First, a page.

Positioning Your Business for Success by Focusing Less on Price and More on Value

By: Jacob Robinson

The principle of ‘value added’ is critical for every business owner to understand, no matter how small or large you are, or plan to be in the future. If you can focus on and implement this concept, you will set your business up for long-term success, creating a loyal and solid customer base.

First, what is value added? The concept of value added refers to the positioning and act of building the actual or perceived value of your product, service, or business within the market you serve. You can position your product or service through physical changes, process changes, or service changes. In doing this, we create physical or perceived added value in our product or service.

Why do we want to provide added value to our customers?

So why is this important? Let me start with this. A good friend once told me, “There’s a direct correlation between how long it takes to gain business and how long it takes to lose it”. The easier it is to acquire a customer, the less loyalty that customer has to your product or brand. It’s easy to lose that customer for the very same reason you gained them in the first place. Simply put, if we want to acquire and retain customers and build partnerships based on something other than price, adding value added services makes sense.

I often hear business owners say “I have the cheapest prices in town” or “It’s so hard to compete with the big box stores because their price is so low” or “John Doe is selling his product for $10 per pound, so I have to lower my prices”.

When we build a business foundation on having the best price, we are cornered into competing on that variable. We are competing in an arena where the low guy wins.  But when you win business on price, are you really winning? I’d say no. You just acquired a customer that has zero loyalty, and that will, without hesitation, use the next low bidder (i.e. your competition).  This holds true for small and large businesses.

At this point you’ve decided one of two things-

  1. You want to learn more about value added and implement ideas to grow your business OR
  2. You don’t think it applies to your business

Here’s where I challenge you. No matter the size or status of your business, adding value to your customer’s experience is a good idea. There is no exception, even if you operate within the commodity arena, where price is purportedly king.

What does added value look like? Here are some great examples:

  • Providing a 24/7 support line to customers who need assistance
  • An auto shop providing a shuttle service for customers
  • A doctor’s office that uses a reminder service
  • A plumber guaranteeing a service call within one hour
  • Fine food delivery from an upscale restaurant
  • Just in time inventory programs in manufacturing
  • Home dry-cleaning pickup and delivery
  • Free gift wrapping
  • Complimentary breakfast, shipping upgrade – complimentary anything
  • Wi-fi in your waiting room

The above services differentiate our product, service, or process to meet the needs of our customers. In doing this we achieve a stronger relationship with our customer by providing a little something extra (ie. added value).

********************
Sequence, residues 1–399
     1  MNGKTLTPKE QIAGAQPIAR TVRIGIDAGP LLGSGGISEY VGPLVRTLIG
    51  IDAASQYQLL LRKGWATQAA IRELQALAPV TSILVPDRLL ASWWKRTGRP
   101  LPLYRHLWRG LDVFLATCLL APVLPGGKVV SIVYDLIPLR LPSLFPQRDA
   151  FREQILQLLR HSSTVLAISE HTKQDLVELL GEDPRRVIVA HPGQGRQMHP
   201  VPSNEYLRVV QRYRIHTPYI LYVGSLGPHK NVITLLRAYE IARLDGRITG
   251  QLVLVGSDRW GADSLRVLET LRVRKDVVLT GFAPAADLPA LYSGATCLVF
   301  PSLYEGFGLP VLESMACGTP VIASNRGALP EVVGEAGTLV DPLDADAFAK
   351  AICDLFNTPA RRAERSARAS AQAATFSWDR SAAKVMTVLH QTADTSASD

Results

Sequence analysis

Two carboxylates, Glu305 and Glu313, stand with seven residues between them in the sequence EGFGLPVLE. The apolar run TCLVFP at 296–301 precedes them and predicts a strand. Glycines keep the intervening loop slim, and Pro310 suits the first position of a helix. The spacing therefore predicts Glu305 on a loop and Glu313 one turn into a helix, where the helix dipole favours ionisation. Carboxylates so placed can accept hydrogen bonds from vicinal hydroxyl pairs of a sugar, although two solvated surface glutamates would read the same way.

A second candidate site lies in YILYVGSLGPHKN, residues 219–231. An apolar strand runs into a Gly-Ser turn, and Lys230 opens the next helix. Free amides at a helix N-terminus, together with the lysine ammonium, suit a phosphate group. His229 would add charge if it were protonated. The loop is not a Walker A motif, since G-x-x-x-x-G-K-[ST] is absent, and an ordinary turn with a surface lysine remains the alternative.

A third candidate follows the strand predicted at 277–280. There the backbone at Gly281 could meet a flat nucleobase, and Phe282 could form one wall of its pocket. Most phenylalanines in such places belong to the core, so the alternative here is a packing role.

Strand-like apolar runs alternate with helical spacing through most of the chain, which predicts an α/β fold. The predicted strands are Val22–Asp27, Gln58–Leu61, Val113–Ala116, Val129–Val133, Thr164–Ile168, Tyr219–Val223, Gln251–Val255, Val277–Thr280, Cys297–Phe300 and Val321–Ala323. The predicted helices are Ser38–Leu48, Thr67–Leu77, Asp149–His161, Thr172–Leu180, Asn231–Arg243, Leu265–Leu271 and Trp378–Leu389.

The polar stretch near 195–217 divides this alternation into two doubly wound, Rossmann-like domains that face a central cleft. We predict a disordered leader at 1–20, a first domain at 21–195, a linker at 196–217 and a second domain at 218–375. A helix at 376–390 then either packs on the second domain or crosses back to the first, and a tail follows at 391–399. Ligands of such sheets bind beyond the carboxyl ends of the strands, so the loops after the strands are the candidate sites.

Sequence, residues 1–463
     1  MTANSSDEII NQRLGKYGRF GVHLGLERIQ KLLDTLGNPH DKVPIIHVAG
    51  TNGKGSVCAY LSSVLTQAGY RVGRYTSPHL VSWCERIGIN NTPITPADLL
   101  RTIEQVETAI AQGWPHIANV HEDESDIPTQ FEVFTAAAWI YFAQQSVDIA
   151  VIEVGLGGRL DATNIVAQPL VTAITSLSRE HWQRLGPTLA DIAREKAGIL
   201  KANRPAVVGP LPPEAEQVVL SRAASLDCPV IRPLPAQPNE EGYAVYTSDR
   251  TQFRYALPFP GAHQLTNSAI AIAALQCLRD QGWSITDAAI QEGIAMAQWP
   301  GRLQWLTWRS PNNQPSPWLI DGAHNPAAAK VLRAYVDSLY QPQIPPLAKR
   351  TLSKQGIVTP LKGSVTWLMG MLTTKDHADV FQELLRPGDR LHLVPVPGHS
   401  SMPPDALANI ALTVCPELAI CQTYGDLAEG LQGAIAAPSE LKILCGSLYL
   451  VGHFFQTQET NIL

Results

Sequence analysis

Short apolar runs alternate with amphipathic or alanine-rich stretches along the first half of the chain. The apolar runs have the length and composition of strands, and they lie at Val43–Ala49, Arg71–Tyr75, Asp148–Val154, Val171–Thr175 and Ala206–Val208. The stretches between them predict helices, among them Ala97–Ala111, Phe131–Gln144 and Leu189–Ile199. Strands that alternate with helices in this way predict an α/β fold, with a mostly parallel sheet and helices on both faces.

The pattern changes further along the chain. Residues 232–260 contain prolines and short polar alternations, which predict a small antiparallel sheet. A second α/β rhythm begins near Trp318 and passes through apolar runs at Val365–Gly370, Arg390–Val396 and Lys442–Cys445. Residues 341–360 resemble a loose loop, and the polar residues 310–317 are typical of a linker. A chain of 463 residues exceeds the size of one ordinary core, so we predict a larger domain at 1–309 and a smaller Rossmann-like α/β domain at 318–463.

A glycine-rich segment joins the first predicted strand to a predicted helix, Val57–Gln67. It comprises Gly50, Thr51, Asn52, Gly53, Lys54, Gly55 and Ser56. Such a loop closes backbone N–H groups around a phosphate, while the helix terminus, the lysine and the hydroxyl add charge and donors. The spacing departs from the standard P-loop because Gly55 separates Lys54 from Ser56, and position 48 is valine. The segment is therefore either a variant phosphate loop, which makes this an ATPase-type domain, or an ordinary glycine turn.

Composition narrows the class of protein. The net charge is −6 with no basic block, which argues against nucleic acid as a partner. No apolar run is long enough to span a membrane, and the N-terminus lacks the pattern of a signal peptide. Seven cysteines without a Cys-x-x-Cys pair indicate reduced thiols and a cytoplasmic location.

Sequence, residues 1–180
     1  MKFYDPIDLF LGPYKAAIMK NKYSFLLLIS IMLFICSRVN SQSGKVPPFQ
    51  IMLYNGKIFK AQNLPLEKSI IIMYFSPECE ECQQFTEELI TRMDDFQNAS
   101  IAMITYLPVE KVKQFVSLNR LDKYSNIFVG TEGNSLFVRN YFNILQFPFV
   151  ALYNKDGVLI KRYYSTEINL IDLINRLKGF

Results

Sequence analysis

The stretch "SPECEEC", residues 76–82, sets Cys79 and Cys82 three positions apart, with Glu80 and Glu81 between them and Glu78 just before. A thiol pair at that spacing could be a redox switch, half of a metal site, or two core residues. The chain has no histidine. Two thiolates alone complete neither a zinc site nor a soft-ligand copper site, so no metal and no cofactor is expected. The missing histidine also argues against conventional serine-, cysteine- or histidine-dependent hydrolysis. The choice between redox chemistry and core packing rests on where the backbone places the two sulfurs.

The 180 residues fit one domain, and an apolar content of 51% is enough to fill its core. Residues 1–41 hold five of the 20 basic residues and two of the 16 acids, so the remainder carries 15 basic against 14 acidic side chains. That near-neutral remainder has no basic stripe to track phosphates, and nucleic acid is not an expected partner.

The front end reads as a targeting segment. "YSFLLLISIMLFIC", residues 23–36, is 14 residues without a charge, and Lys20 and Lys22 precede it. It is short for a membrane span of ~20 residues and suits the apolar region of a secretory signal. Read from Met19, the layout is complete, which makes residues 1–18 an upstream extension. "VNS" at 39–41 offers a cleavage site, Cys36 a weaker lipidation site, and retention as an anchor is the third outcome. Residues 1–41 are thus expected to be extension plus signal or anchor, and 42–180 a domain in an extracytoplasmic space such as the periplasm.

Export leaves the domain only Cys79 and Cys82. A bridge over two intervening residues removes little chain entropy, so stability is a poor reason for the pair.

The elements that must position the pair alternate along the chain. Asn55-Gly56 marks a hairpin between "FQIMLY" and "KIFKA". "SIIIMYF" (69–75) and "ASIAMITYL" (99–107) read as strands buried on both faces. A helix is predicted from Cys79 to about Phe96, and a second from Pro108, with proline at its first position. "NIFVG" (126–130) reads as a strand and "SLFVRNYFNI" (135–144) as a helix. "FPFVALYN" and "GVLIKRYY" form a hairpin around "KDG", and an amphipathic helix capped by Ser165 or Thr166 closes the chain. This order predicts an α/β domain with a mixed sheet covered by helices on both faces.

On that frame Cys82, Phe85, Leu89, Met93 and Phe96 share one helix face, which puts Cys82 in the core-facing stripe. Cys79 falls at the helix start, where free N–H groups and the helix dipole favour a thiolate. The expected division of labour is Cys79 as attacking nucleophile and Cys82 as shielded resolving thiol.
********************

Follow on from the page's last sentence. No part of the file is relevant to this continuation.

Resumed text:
How do you differentiate when everyone is providing added value services?

How do we bring more value to customers when our competition is doing the same? And rest assured your competition is doing the same. What was once different has become the norm. How many mechanic shops offer a free shuttle? Most of them nowadays. How many HVAC contractors will be at your front door within the hour? If they want your business they will be. We have to take it a step further.

Three simple steps to adding extra value for your customers

#1 Understand your business. Make sure you know which needs you currently meet. This should be a no-brainer, but ask your customers anyway. You might learn something new or useful!
Ex. I build websites for businesses who need an online presence.

#2 Identify opportunities. Identify needs you are not currently meeting. Can you meet any of those needs? Will they complement your current products or services? Will this additional value be something you can implement without breaking the bank? Carefully consider financial and labor costs with providing any value added services.
Ex. I find out my customers would like to interact (through newsletters and email) with leads that are generated through their website.

#3 Act to meet the additional need. You’ve identified a great value added service. Now you have to implement it.  Make sure you check in periodically to monitor success and/or failure.
Ex. I work with my clients to conduct email marketing campaigns.

Now you’re a value add wizard! Oh, and increasing your brand loyal customers

What have we just done? We have become a partner. I went from being someone’s website guy to being one step closer to meeting any digital marketing need. We’ve created a situation where loyalty is strong by providing extra value that customers may not get from the other guy.

Take yourself out of the dry-cleaning business and put yourself in the “I can clean a suit in 2 hours so you can make it to your meeting on time” business. Take yourself out of the catering business and put yourself in the “Worry no more, not only will I cater great food for your event but I can plan your entire company picnic” business. Take yourself out of the veterinary business and put yourself in the “The vet will call you directly to talk about Fluffy’s surgery post-op” business.

So here’s your challenge. Look at your business. Look at the market you serve and ask yourself…how can I differentiate myself by meeting specific needs and bring more value to my customers?

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